Object name: ARP329

Designation(s): ARP329, HCG55,

Arp 329 aka Hickson 55 is yet another chain of elliptical galaxies Arp logically put in his Group Character: Chains of galaxies class. Also known as UGC 6514 1 through 5. This is a rather puzzling chain. 4 of the galaxies show a redshift that puts them at about 700 million light-years with only a very small variation, smaller than normally found in such chains in fact. But then there\'s that oddball one. Can you spot it?

Most catalogs list these under one number with either a letter A-E or number 1-5 designating which is which. Since these are assigned in RA order it is kind of confusing. Only the PGC catalog gives them separate numbers but again in RA order. Top (north) to bottom they are PGC 035574, PGC 035576, PGC 035575, PGC 035573 and PGC 035572.

The odd galaxy out is the second from the top, PGC 035576. It is the smallest and bluest of the bunch. Its redshift puts it a bit more than twice as distant as the other four at about 1.5 billion light-years. No wonder I picked up so little detail. So is it just a line of sight coincidence or is it really much closer. Arp would likely argue for the latter while most other astronomers the former. To me, its different color and its smaller size would cause me to vote with the coincidence theory. Oddly, Arp seems to have no comment on this one. Though he does state in general that he considered such a coincidence to be a 1 in 10^4 to 1 in 10^6 chance level. I don\'t understand how he came up with this, however. Sounds to me to be calculating the chance in a particular group for such a coincidence rather than the chance that some groups will have such a coincidence. I know I have at least one math prof on the list, maybe he has some ideas on this. Arp also considered chains even without an oddball to be highly unlikely due to chance. Now we know that in small groups gravity will tend to cause them to fall into such chains. Also, remember we are seeing this in 2D, we really can\'t say much about the depth involved. Though the math now says real chains should be about as common as we find them to be.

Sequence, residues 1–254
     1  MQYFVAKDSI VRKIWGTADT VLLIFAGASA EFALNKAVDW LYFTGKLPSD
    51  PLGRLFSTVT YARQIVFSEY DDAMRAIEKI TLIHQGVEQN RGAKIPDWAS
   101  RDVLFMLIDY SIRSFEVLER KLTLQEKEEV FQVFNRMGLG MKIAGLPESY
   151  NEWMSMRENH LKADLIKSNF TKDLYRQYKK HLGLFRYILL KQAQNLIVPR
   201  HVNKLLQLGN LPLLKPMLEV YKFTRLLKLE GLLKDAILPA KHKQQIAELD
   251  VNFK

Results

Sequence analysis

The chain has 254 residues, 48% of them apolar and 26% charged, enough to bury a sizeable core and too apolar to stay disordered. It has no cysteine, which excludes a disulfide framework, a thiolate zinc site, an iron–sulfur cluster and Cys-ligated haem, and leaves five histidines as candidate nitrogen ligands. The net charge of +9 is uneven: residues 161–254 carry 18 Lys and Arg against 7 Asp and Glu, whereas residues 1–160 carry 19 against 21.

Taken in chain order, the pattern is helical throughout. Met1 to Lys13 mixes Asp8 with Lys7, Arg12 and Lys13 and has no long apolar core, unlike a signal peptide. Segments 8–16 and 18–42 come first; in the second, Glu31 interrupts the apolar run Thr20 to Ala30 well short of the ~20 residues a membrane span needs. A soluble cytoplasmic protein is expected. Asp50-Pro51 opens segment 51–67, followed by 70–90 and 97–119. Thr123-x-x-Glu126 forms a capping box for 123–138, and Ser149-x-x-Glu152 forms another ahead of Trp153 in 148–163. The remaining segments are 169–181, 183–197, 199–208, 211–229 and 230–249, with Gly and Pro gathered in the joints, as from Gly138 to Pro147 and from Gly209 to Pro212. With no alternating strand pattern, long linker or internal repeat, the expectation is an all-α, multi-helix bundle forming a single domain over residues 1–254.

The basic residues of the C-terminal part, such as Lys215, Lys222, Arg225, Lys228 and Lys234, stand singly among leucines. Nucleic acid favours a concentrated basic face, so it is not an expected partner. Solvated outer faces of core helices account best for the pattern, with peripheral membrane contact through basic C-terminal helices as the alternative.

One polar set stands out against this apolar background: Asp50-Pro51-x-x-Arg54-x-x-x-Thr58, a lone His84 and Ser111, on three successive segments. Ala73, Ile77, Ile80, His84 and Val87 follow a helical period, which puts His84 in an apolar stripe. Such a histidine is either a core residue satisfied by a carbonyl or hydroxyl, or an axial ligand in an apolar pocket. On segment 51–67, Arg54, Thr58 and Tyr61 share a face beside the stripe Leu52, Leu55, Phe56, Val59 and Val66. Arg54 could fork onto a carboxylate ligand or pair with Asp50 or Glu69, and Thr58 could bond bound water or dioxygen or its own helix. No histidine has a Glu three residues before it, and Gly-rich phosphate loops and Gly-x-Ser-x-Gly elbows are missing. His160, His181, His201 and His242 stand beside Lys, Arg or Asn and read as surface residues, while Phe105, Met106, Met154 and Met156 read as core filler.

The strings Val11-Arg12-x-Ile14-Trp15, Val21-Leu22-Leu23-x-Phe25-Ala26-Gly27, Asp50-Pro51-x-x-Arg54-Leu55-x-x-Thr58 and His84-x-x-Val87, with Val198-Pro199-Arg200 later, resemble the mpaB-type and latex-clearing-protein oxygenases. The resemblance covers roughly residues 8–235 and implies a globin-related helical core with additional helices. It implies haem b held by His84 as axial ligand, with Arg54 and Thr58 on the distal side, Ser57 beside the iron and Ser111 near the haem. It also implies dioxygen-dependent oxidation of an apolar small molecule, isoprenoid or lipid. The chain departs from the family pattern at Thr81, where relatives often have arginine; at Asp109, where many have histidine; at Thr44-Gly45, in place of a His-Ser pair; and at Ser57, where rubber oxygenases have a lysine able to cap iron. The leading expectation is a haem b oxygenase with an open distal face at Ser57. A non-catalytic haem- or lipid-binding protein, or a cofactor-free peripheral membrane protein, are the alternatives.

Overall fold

Very few of the galaxies in the image are in any catalog except the MAC which gives little useful information. I find redshift data mostly missing except for the Hickson group and one other.

The elliptical above and right of Arp 329 is 2MASX J11314875+7054045. While it is the same color and about the same size and brightness of the biggest member of the Arp group, without redshift data I can\'t tell if it is a member or not. The blue spiral to the east (left) of Arp 329 is MCG +12-11-033 at magnitude 17. The blue galaxy near the bottom edge a bit left of Arp 329 is CGCG 334-036. East (left) of this galaxy is the tiny S0 galaxy 2MASX J11340329+7035372 at about 125 million light-years (much closer than Arp 329). The spiral to its upper left is 2MASX J11344815+7039213. It appears there\'s a distant group of galaxies behind it but I find nothing on them other than a couple are also IR galaxies with no redshift data. The glue blob of a galaxy west of the last galaxy and above the previous one is PGC 2737488 at 18th magnitude. I could find no entry for the blue galaxy above and a bit left of Arp 329. I didn\'t check the MAC, however.

The elongated, very bright, yellow star near the left edge is Struve 1551, a double star the brighter is G5 and thus nearly white since I balance to G2 being white. Its companion appears somewhat yellower. They are separated by about 7\" and thus overlap due to the heavy stretch applied to the image.

Arp\'s image
http://nedwww.ipac.caltech.edu/level5/Arp/Figures/big_arp329.jpeg

14\" LX200R @ f/10, L=4x10\' RGB=2x10\'x3, STL-11000XM, Paramount ME